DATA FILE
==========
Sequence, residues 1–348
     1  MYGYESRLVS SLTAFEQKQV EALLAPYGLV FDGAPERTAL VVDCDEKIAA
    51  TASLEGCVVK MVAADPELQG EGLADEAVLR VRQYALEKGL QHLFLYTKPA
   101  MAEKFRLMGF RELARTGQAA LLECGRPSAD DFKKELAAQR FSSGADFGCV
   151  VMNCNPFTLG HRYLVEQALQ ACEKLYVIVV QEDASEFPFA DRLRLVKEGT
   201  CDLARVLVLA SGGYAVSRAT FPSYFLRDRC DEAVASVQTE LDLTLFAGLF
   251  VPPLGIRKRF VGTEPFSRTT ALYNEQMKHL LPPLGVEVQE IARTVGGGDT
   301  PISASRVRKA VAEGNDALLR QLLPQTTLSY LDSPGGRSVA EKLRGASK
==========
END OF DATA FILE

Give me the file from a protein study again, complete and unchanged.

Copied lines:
Sequence, residues 1–348
     1  MYGYESRLVS SLTAFEQKQV EALLAPYGLV FDGAPERTAL VVDCDEKIAA
    51  TASLEGCVVK MVAADPELQG EGLADEAVLR VRQYALEKGL QHLFLYTKPA
   101  MAEKFRLMGF RELARTGQAA LLECGRPSAD DFKKELAAQR FSSGADFGCV
   151  VMNCNPFTLG HRYLVEQALQ ACEKLYVIVV QEDASEFPFA DRLRLVKEGT
   201  CDLARVLVLA SGGYAVSRAT FPSYFLRDRC DEAVASVQTE LDLTLFAGLF
   251  VPPLGIRKRF VGTEPFSRTT ALYNEQMKHL LPPLGVEVQE IARTVGGGDT
   301  PISASRVRKA VAEGNDALLR QLLPQTTLSY LDSPGGRSVA EKLRGASK